The Police reunion tour comes to end
During a lengthy reunion tour that concluded on August 7, The Police didn’t necessarily resolve the conflicts that blew apart one of rock’s most successful groups nearly 25 years ago.
At least its members seem to understand them better.
“People don’t really change,” guitarist Andy Summers told The Associated Press. “We’re the same three (jerks) we always were. I’m actually quite proud of the fact that it’s gone on as long as it has.”
The Police had initially planned to end their 30-year reunion tour a year ago in Giants Stadium, bringing full circle to a career where the first US show was in New York’s grungy CBGBs nightclub. Things were going so well, both personally and as a business, that they kept adding legs; the reunion tour will end as one of the five biggest money-making rock tours of all time.
At the simplest level, Summers said it has been immensely satisfying to see the faces of fans who had grown up listening to songs like Roxanne, Don’t Stand So Close To Me and Every Breath You Take. “I’m in front of the stage and you literally see people break out into sobs or kiss each other and jump around expressing joy,” he said. “It’s been quite emotional in many ways.”
Some things never change: Summers was stuck in the middle between the “two kids scrapping on either side,” headstrong singer and composer Sting and drummer Stewart Copeland, the volatile anchor of the band’s meld of punk rock, reggae and jazz.
Copeland views Sting as a musical genius, but one sure of his ideas and not really interested in collaboration. Now that Copeland has spent several years composing film music, hiring musicians to play exactly the notes he wrote, he can understand why he drives Sting nuts. “When he exercises his right to have it the way he imagined it, it’s a problem for both him and me,” he said. “I just can’t do it. I can’t remember it. I have my own ideas. I’m incorrigible.”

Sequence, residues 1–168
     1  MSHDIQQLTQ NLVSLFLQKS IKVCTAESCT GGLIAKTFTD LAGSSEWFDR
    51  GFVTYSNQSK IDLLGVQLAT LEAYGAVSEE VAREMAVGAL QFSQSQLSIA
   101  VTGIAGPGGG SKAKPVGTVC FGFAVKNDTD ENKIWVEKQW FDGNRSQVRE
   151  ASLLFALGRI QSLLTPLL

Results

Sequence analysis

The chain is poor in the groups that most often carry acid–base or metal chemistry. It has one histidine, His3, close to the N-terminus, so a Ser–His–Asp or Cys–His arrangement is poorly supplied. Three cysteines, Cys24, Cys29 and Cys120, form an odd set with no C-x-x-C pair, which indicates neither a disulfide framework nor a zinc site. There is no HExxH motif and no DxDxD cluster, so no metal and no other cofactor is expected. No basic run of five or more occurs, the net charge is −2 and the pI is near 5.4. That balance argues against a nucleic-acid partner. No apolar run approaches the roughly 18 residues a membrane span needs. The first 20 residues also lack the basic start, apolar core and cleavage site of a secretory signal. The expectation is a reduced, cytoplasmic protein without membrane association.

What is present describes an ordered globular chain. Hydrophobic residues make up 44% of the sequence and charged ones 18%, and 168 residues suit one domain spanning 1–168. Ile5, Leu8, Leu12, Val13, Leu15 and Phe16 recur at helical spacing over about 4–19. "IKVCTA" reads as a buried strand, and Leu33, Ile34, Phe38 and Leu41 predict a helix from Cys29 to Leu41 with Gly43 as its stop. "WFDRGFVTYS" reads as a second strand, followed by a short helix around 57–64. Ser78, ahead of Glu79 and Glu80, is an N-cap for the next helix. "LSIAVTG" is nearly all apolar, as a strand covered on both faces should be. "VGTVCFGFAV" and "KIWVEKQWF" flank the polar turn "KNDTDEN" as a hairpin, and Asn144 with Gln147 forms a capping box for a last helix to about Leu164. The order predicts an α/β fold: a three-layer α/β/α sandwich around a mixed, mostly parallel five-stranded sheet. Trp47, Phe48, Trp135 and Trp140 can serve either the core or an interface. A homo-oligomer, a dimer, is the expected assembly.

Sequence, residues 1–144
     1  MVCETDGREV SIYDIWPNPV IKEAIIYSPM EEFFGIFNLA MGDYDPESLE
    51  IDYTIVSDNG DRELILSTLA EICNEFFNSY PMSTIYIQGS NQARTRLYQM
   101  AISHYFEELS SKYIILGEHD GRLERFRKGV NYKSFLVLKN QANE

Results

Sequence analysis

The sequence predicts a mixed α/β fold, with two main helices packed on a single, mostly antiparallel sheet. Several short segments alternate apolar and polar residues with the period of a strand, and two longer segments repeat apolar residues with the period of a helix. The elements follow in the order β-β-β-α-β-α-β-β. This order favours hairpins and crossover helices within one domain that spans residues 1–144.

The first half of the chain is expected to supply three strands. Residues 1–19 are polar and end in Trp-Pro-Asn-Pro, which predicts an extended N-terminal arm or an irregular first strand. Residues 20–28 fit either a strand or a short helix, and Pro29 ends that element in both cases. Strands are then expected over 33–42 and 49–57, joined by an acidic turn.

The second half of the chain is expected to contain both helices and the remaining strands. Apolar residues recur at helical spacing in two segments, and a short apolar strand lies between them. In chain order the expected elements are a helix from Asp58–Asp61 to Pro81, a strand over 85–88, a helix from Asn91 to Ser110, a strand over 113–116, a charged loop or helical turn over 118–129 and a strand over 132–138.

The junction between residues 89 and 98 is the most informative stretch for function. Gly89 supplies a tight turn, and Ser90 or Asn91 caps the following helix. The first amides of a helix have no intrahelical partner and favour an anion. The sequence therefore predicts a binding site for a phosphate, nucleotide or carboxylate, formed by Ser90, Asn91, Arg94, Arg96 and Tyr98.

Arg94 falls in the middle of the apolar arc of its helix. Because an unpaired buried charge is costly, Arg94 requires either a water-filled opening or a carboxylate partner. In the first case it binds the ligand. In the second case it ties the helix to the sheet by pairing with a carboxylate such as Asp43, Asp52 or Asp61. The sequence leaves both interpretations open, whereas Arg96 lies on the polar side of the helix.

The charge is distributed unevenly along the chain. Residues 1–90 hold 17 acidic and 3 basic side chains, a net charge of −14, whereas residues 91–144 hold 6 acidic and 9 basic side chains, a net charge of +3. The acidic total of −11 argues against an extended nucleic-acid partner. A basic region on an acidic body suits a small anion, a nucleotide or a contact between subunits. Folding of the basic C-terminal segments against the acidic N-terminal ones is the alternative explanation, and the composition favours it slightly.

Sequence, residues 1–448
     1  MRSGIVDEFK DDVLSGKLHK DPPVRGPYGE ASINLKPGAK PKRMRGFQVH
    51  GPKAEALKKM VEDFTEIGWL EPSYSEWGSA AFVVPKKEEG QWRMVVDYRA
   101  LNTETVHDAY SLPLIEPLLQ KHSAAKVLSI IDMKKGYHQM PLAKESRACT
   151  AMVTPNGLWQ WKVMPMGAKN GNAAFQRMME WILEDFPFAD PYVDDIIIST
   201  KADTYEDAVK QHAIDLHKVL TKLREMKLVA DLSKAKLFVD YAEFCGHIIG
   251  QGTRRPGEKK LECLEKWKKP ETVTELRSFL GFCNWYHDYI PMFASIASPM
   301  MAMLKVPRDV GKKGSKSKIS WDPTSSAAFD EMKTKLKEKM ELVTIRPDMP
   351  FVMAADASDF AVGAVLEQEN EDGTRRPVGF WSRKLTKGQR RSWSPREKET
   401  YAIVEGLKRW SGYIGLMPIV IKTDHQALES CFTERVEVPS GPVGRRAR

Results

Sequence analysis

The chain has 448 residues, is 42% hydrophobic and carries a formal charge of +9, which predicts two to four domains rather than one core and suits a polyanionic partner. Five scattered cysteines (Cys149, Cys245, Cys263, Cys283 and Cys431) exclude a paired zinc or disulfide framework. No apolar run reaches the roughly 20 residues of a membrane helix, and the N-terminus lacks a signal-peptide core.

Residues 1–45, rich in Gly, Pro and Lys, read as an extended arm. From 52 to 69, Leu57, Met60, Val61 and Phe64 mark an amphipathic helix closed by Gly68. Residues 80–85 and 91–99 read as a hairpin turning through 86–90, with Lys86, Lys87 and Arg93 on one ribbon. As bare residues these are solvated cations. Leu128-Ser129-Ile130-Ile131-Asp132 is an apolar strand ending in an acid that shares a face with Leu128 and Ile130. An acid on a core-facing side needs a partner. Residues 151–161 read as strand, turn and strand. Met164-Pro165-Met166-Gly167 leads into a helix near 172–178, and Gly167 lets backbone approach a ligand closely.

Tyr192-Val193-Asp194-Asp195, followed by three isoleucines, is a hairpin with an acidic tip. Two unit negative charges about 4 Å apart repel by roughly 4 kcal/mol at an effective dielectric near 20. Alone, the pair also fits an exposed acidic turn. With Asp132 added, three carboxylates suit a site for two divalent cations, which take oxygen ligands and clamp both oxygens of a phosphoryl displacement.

When he was 25 years old, he couldn’t understand all this, said Copeland, now 56.
Sting, Copeland and Summers would occasionally socialise after the band broke up in 1984,
“but not to the extent where we were able to clear up our misconceptions about each other,” he said. “It was really good for us to figure out what made the band work and what didn’t work, so we could appreciate each other unconfused by these other issues.”
He doesn’t want to overemphasise the conflicts, because Copeland said they’ve really been having a good time on the road.
The last leg of the tour has contained the best shows, he said. “As we’re getting more into it and less uptight about living the legend, it is actually becoming the stuff that got us here,” he said.
So is this really the end? “Yes,” Copeland said. “It was the commitment in the beginning that made it possible, that it was a finite commitment. That has actually made it a lot of fun.”
Same question to Summers. Is this really the end? Yes, but...
Maybe it’s because he’s seen the history of bands like the Eagles, who are now a fully functioning recording and touring unit again after once saying hell would freeze over before they would reunite.
“I’m fully prepared to say that was it, we’re fine and we’re done,” Summers said. “On the other hand, I’m fully prepared if someone comes back in a couple of years and says we ought to give it a go. You have to consider it.
“A lot of bands, like the Eagles... everyone sort of matures and they realise that it’s fantastic business and the impetuosity that comes with being very young and walking away from something that is really successful, you kind of get over that.”
He said he doesn’t expect it to happen, but “that’s the model that’s out there for me.”